I have the phone tucked in the crook of my shoulder as I listen to him from the seat of my desk in my dorm room. Dad is trying to talk me out of quitting my music minor. “It’s too hard,” I protest. “Most of the other students have dropped out.” Somehow, in his quiet, coaxing way, he is bringing me back around. It’s been 14 years since then. With “music minor” scrawled securely on my diploma, I am glad he did.
Fast forward from that phone call. We stand in the dealership as I look around. “Which is it?” I can’t stop smiling. Dad points. There in the center of the floor is a cherry red Chevy with a gigantic bow on the top of its roof. It is so perfect — unscathed, unscratched. It has 18 miles on it. It is mine. A few months later, I pack it up and drive to California. It has been 10 years since then. It is now scathed and scratched with the paint peeling back from its roof where the bow was and 92,000 miles on its odometer. It is at mile 91,254 I find out how Dad really felt when we hugged goodbye. “It was really hard for him when you left,” mom tells me.
Fast forward from the day in the dealership. I am sitting next to my sister on her wedding day, wearing a maroon taffeta dress. She is glowing. I think she is the most beautiful woman I have ever seen in that moment. My dad stands in front of a crop of round tables, as people in dresses and suits look on, their chins on their fists or tucked in their laps. In the midst of his speech, he sings brokenly the song he used to sing my sister when colic kept her restless through long nights, “Amanda, the love of my life, you will make a gentleman’s wife.” I am overcome. I absently wonder what he will say at my wedding. Six years have passed since then, and he still hasn’t had the chance.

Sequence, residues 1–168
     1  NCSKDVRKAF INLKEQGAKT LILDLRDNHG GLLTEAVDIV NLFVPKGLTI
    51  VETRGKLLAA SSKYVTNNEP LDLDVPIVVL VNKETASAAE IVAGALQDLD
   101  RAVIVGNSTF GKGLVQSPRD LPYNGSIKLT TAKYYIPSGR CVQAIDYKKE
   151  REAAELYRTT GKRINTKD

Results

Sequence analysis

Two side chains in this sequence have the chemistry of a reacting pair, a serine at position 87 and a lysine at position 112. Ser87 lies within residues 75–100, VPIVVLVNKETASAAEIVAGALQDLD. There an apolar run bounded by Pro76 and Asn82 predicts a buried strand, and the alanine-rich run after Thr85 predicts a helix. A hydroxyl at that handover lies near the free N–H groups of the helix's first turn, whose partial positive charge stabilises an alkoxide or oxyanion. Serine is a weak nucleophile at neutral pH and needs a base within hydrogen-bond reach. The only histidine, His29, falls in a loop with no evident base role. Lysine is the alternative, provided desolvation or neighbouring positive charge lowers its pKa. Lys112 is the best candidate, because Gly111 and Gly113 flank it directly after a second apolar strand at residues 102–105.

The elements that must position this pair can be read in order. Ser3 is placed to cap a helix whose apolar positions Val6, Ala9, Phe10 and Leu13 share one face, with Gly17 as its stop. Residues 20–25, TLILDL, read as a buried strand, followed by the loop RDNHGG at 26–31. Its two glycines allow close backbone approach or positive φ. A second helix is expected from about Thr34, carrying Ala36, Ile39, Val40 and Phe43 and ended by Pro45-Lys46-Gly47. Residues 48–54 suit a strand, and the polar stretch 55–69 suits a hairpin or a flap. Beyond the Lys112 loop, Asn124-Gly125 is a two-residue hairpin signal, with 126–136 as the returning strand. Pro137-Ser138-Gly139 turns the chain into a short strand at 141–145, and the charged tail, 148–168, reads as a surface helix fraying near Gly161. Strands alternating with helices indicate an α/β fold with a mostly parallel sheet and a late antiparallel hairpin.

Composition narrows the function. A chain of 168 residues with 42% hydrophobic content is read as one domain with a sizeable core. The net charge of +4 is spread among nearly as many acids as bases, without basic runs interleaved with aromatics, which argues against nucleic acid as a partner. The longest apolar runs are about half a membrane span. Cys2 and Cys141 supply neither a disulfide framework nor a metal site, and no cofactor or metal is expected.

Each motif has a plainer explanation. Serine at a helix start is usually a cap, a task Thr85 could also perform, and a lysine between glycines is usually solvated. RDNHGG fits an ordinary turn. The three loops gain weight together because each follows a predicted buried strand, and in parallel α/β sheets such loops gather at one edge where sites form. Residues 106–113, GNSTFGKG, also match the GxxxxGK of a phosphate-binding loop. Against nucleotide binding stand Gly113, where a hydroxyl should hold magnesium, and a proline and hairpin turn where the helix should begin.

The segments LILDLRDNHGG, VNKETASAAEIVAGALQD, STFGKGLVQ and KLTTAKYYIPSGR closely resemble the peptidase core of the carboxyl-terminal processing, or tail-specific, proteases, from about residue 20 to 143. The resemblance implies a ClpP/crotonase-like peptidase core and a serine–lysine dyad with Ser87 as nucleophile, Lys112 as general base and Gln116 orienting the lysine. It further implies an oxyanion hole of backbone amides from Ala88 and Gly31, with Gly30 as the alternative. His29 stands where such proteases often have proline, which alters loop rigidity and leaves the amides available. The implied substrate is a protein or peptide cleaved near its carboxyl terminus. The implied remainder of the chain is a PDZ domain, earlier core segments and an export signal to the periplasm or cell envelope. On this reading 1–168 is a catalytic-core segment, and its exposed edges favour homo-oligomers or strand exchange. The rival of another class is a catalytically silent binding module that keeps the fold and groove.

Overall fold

These are the things that wash over my mind tonight — all those little memories that sum up my picture of him: wise, supportive, loving. I’m sitting on the laminate floor of my hallway, a passage way too narrow to sit with my legs outstretched. “Please God, don’t take my dad.” I’m crying. Not the pretty, subdued kind. The sobbing, gut-wrenching, begging kind. Like somehow, if I cry the hardest I have ever cried in my life, God will take mercy on me and answer my prayer. “Don’t take my dad, or I will walk away and never look back.”
The threat scares me a little. Do I mean it? I wonder. I don’t know.
I have lived life believing a fallacy: That there is some sort of quota on hardships. Once someone has reached that magic mark, they are done. But I am learning that past losses don’t exclude you from the present ones. Sometimes the inverse is true. For some people, it’s as if one begets another, like a snowball tucking in more snow to its girth as it gains speed downhill. I thought once my mom was diagnosed with cancer, that meant my family was done. I feel silly for believing that now.
My dad told me about her diagnosis while I was driving my car on the highway. “I have some bad news…” he started and I started sobbing. He has always been uneasy with tears.
That was four years ago. Tonight I was in my car again when he tells me about his own. “I have some bad news …” he starts. This time I hold back so he can’t hear me. But the tears come and don’t stop long past when I am sitting on the floor in my hallway. Long past after I go to bed. Long past the treatments are over and the tests come back clear.
Part of me is waiting for the next phone call as I’m driving , as if my mind is walking on the eggshells that are my family’s health and happiness. I can’t stop thinking about the advice and the wedding and the other big life events I need him for. So the pleading doesn’t stop with the good news.
“Please God, don’t take my dad.”